TIPS & TECHNIQUES

Where are the engineers and firemen in our model steam locomotives?  It appears that for the most part, the cabs of our model steam locomotives are bare.  Aristo and USA do manage to put one engineer in their diesels, which is often on the wrong side, since they are placed by Chinese factory workers, but none are seen in any of their steam offerings. The other manufacturers (LGB, Bachmann, Accucraft) are also guilty of this omission. So who is running the trains?  I have found that the addition of an engineer and fireman will definitely add color and realism to your model steam locomotives.  I have talked with many other modelers and they agree completely with this, but are struggling to find the right figures for this purpose.
    In 1/29 we have the Aristo and USA seated engineer "clone".  Unfortunately, these all have the same clothing, hat, hair color, and those horrible red painted lips.  I think both companies buy large quantities of this guy just to put something in the cab of their diesels.  He does not even look like a North American locomotive engineer, and you only get one in your diesel and none in your steam locos.
    This clone engineer can be "modified" with paint so that no two will ever look alike again. I use the water based or acrylic craft paints that you find at Wal-Mart or Michaels for my paint source.  If you are really into figure painting, a company named Vallejo makes some excellent acrylics, which are used by many modelers that paint soldiers and do dioramas.  This paint is available on-line for purchase.  I have seen some of the results using this paint, and the finished product is quite spectacular.  Anyway, by re-painting these figures, you can get totally different looking figures, and can dramatically improve upon the original's looks.  You can change the shirt and bandana color, along with the color of the overalls.  You can also make him more modern by painting him to look like he is wearing a solid shirt and jeans instead of the traditional overalls. The hat color can be easily changed.  In fact, in my Mallet, the engineer sports one of those red engineer caps with the white polka dots.  You can also change hair color, and can remove the red lipstick that the Chinese apply to these figures.  If you are really ambitious, you can cut off the arms and reposition them.  Some Squadron putty is all that is needed to fill the gaps that may occur.  If you are really into figure painting, you can add shading and wrinkles to these railroad workers.  I noticed that in my new S-4 Switcher from USA, there are actually two figures in the cab, and they have different colored clothing.  Maybe someone has gotten to Charlie Ro about this, or maybe they just came from two different shipments.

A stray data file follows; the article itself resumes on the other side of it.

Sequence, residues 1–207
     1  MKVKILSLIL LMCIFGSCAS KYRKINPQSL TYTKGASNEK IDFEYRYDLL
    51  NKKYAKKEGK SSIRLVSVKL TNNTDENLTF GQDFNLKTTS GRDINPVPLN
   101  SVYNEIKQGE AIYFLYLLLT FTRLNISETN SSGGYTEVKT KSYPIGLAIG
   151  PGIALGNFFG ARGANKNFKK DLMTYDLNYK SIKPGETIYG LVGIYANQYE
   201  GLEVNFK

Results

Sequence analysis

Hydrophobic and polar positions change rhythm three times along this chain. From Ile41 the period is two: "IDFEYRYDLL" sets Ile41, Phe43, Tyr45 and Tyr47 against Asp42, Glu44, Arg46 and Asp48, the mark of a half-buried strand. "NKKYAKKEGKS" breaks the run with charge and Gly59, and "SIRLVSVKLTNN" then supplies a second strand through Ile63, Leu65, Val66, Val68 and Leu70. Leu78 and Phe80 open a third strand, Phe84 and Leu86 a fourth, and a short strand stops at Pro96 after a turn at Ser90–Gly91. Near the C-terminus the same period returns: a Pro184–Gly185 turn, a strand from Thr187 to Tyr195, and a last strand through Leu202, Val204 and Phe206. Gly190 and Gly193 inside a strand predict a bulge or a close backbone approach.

The steam locomotives are another story, and this is mainly what I am addressing in this article.  Any bare cab can be improved by adding both an engineer and fireman.  I have done this top my Aristo 0-4-0 Switcher, my Pacific, Mikado, and my Mallet.  Each of my engineers and firemen are painted differently, so that the variety in looks and clothing that you find in real life can be transferred to your model locomotives
    The Pacific is the one model that requires you to perform surgery on your figures to make them fit into the cab. For some reason, the cab was made smaller than the others in terms of headroom.  This may sound cruel, but you will have to cut off the feet of both figures to get them seated and into place.  This cutting is not noticeable when they are glued in place, and the figures look right from the cab windows.  The other Aristo locomotives have sufficient room for figures, so no surgery is required.  In all cases, I had to build cab seats for my crews from scrap styrene.  Most real steam locomotives did not have much of a seat for either crew member, and in many cases, the crew stood for a good deal of the trip leaning out of the cab, since these locos were not known for great forward visibility. Many cab seats were bare and of the fold-down variety.  The crews often padded them for comfort themselves.   Basically, you do not have to make any complicated looking seat, since you are only looking for something to glue the crew member to more than prototypical accuracy.  I do glue all my figures in place with Marine Goop, which has been very satisfactory for this use.
    The 0-4-0 Switcher was the one locomotive which has a different look in the cab.  I actually took the standing Fireman figure with the coal shovel, and glued him on the gangway as if he is shoveling coal.  Since the other locomotives had mechanical stokers, this figure would not be appropriate for them unless you cut off the shovel, and had him holding something else.
    There you have it.  A quick note on cab crews.  I will post pictures on my web site so that you can view these figures and see how much they add to the locomotives.  The figures are readily available from Aristo and will fit any 1/29 scale locomotive.  While I have not had the opportunity to work on a USA steam loco, the same installation method  should hold true. Preiser makes some figures in 1:22 scale which can be modified to work in LGB locomotives, and I have seen some figures on the internet which are 1:20 for Bachmann and Accucraft locomotives.  Try this tip, and see if your steam locos don't look more realistic. In fact, after looking at some close-ups of my crew photos, I am going to re-do them to show more detail and shading on the both their skin and clothing.
ENGINEERS AND FIREMEN